As Costco unveiled its fourth-quarter results (the company made $US2.04 billion in the 12 months to September 1, up 19% on last year but down slightly on analysts’ expectations), the company’s chief financial officer had something to say about his Australian customers.
The company’s international operations are where the bulk of its growth is coming from, and the best performer was Australia.
”I think when we opened in Australia we got off to an incredible start, our highest per share volumes ever in a country,” Costco CFO Richard Galanti told analysts.
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Unlike locally-grown supermarket giants Coles and Woolworths, and foreign-owned competitor Aldi, the bulk of Costco’s profits come from its membership fees. To shop at Costco, Australian consumers must pay $60 annually (or $55 if they are a business).
With three stores – one in Melbourne, one in Sydney and another in Canberra – the company is estimated to have 100,000 members at its Melbourne and Sydney stores. Two more stores are expected to open within the next 12 months.
In August, Citi analyst Craig Woolford told a public symposium that Costco and Aldi are key threats to the dominance of Coles and Woolworths.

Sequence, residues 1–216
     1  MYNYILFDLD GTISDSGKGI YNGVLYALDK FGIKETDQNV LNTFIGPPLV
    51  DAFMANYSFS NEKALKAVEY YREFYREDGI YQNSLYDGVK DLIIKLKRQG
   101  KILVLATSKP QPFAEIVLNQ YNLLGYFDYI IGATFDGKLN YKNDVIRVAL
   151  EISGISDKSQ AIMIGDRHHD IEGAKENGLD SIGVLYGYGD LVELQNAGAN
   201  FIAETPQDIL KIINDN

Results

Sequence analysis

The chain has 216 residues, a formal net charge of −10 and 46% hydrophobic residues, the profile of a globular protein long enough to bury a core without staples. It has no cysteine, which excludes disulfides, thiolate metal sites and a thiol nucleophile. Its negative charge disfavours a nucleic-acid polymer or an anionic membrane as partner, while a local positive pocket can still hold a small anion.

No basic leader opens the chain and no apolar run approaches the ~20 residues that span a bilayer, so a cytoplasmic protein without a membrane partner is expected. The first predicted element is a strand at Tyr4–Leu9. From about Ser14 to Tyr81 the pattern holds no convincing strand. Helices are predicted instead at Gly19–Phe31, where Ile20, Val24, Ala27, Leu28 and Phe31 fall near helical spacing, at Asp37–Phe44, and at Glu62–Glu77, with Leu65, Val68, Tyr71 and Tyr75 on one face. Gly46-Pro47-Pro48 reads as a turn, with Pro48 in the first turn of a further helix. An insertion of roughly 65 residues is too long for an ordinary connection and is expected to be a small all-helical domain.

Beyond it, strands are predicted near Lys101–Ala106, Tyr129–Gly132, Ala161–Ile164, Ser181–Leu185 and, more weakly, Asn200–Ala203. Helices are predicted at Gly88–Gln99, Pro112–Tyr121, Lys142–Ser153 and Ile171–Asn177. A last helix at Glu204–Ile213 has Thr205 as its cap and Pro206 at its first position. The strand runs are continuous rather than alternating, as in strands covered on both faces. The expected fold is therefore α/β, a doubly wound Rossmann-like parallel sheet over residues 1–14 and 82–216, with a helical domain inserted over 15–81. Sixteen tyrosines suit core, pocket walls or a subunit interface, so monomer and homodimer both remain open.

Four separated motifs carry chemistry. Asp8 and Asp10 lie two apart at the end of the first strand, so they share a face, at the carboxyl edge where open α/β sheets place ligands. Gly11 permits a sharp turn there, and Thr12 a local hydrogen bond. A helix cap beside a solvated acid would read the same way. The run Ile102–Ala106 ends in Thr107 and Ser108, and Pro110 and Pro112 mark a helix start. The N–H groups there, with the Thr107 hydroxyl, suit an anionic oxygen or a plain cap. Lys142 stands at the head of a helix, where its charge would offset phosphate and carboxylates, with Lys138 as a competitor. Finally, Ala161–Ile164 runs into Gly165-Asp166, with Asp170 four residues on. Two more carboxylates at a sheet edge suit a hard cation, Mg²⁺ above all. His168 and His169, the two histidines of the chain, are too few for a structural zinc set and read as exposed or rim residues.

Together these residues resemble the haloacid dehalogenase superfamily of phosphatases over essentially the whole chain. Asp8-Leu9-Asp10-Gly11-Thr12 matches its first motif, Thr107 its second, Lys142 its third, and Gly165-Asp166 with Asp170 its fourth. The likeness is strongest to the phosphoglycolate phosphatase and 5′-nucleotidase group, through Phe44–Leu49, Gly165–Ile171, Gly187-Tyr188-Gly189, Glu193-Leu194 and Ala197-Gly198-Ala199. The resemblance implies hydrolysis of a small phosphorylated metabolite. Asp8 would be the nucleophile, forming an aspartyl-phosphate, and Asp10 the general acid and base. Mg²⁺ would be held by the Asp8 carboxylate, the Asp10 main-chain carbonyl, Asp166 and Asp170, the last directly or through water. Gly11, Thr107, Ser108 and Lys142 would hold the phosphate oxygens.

“I call them unstoppable,” he said.
This was because of their vastly lower costs of operating, which allowed them to offer lower prices. According to company reports and Citi’s own research, the cost of doing business, as a percentage of margins, was 19.8% for Woolworths, and 20.9% for Coles. However, it was only 10% of margins for Aldi and only 10.1% for Costco.
However, Peter Esho, chief market analyst at Invast, told SmartCompany this morning that it was difficult to gauge Costco’s success because of its vastly different business model.
“Their concept is new in Australia, and I think the novelty around that business model is what appeals, rather than their actual prices.”
The real upstart in the grocery space is Aldi, Esho added, saying the German discount supermarket chain is “shaking up the domestic supermarket space”.
“I think Costco will continue to grow, but it’s coming off a very low base. It probably won’t be a significant player in the Australian market in terms of volumes.”
The growth of both foreign-owned supermarkets is likely to mean margins in the grocery industry continue to be under pressure, Esho says.
“The biggest losers out of this will likely be Metcash and IGA.”
Another loser could be local suppliers. In June this year, competition lawyer and former ACCC researcher Alexandra Merrett, along with economist and Melbourne University lecturer Rhonda Smith, documented the number of times supermarket catalogues advertised branded products, as opposed to their own private label brands.
Aldi was unlikely to ever advertise branded products, instead heavily focusing on its own private labels.
Private label brands offer supermarkets higher margins, and sell more cheaply than branded products, forcing suppliers of such products to compete more vigorously on price.